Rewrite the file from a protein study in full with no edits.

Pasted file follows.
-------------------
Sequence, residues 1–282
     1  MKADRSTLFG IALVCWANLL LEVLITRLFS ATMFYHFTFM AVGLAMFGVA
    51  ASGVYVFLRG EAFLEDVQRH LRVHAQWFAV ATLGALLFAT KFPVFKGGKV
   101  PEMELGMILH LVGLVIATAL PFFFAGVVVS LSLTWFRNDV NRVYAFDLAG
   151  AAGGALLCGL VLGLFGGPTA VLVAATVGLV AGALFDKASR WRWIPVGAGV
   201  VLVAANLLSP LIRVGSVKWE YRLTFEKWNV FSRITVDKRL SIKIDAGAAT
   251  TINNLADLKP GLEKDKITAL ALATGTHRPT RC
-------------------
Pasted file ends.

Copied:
Sequence, residues 1–282
     1  MKADRSTLFG IALVCWANLL LEVLITRLFS ATMFYHFTFM AVGLAMFGVA
    51  ASGVYVFLRG EAFLEDVQRH LRVHAQWFAV ATLGALLFAT KFPVFKGGKV
   101  PEMELGMILH LVGLVIATAL PFFFAGVVVS LSLTWFRNDV NRVYAFDLAG
   151  AAGGALLCGL VLGLFGGPTA VLVAATVGLV AGALFDKASR WRWIPVGAGV
   201  VLVAANLLSP LIRVGSVKWE YRLTFEKWNV FSRITVDKRL SIKIDAGAAT
   251  TINNLADLKP GLEKDKITAL ALATGTHRPT RC